Two Questions to Ask Before Your Next MeetingBlog / Produced by The High Calling
Do nothing out of selfish ambition, but in humility consider others better than yourselves. Each of you should look not only to your own interests, but also to the interests of others. Your attitude should be the same as that of Christ Jesus . . .
Phil. 2:3-5 (NIV)
Then Jesus was led by the Spirit in the desert to be tempted by the devil.
Team building is tough. People bring such different attitudes with them to the team. A while ago, I met with a cynical friend of mine who served on a team with me in our church. I reminded him that he’d missed the last three meetings. He told me he was feeling disillusioned with our team. “I don’t see the point in going to meetings if my ideas are going to be pushed aside all the time.” And then he added, “And you’re probably the worst offender!”
I encouraged him to hang in there since we needed everyone on board to finish our project. “Don’t forget,” I said, “There’s no I in TEAM.”
“Yeah,” he said, “and there’s no U, either!”
Paul challenges us to bring more than just a good attitude to the teams we serve on. We should bring the attitude of Jesus. He did nothing out of selfish ambition, but always sought to do the Father’s will. He expressed humility in his obedience to the Father, even to the point of experiencing a humiliating death on a cross. The nature of Jesus is very different from ours, but as Paul confirms, we can and should all have the same humble servant attitude Jesus had.
From this perspective, the temptations Jesus faced at the outset of his ministry become more important for us (see Matt. 4:1-11; Luke 4:1-13). Rather than demonstrations of Jesus’ divinity, these temptations were keenly human moments for Jesus when Satan challenged his attitude and ministry. In each of the three temptations, Jesus faced a choice between selfish ambition or humble service to God and others. He drew on the Bible as a source of strength, and every one of us can, too.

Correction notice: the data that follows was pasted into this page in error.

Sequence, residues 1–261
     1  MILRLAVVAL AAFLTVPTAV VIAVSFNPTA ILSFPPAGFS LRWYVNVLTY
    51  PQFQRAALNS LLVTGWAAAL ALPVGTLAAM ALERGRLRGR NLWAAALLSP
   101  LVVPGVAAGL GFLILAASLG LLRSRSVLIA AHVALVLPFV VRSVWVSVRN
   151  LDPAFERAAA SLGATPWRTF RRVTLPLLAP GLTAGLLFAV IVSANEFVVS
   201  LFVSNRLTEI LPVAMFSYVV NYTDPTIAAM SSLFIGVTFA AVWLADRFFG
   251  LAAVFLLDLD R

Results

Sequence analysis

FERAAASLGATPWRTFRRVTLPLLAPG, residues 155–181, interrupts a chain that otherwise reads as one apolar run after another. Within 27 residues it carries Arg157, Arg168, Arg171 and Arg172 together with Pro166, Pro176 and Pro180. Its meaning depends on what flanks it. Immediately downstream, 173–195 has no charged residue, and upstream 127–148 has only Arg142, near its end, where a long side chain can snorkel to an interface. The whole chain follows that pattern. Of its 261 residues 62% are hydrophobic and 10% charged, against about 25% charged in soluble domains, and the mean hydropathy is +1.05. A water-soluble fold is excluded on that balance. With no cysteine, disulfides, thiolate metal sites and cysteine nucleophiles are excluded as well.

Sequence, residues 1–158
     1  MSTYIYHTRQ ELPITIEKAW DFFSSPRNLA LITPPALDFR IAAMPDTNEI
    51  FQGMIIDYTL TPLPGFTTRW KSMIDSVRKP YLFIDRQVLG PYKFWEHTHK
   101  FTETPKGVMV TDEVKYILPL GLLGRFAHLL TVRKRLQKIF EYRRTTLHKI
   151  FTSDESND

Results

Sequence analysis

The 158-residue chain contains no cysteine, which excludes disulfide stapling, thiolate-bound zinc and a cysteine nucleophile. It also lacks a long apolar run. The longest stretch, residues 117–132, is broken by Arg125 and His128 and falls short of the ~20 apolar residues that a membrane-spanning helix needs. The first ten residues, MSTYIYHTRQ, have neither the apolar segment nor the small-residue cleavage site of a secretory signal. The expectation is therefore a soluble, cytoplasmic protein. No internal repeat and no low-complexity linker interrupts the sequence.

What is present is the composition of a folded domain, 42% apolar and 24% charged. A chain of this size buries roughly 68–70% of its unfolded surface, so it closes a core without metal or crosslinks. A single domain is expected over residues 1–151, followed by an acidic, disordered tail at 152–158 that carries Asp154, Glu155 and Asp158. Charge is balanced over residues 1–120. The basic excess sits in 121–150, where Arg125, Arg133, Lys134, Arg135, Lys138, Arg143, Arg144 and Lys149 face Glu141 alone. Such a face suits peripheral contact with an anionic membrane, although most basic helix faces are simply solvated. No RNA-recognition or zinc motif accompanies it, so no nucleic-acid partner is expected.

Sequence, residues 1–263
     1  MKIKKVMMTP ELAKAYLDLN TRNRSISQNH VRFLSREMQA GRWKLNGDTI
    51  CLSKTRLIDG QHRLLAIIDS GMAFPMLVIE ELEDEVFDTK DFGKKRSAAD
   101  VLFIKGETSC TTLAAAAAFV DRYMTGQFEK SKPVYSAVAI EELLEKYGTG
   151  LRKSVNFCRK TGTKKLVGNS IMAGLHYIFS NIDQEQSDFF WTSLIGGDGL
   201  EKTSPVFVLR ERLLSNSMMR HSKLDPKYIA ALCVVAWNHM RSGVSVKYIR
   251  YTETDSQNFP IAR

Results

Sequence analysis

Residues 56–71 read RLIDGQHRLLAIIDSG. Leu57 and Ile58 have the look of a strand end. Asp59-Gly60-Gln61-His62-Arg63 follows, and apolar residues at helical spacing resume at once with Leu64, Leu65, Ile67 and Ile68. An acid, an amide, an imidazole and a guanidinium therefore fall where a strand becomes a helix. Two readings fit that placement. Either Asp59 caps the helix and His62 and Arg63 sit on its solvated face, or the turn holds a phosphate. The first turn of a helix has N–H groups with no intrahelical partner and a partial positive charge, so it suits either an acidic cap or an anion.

By overcoming selfish ambition, Jesus leads the way for us, modeling true greatness that comes only by serving God and others first. Paul doesn’t say it’s wrong to have ambition; the problem is selfish ambition. Is there another kind of ambition? Yes! Throughout the Old Testament, we can find men and women who were “zealous” for the Lord. Elsewhere in his letters, Paul appeals to our competitive nature when he exhorts us to “outdo one another in serving.” In other words, don’t let anyone outserve you. Above all, we see it in the life of Jesus, who humbled himself even to death on the cross.
In his wonderful little book on leadership, In the Name of Jesus, the late Henri Nouwen wrote:
Too often I looked at being relevant, popular and powerful as ingredients of an effective ministry. The truth, however, is that these are not vocations but temptations. [Jesus] asks us to move from a concern for relevance to a life of prayer, from worries about popularity to communal and mutual ministry, and from leadership built on power to a leadership in which we critically discern where God is leading us.
Our supervisors have the right to tell us what to do on the job (within reason, of course). They have the right to tell us how to get the job done. But we decide what our attitudes will be at work. Will you seek to have the attitude of Jesus? Or will you look out for number one? Think carefully. How you answer those two questions will determine the course of your next team meeting.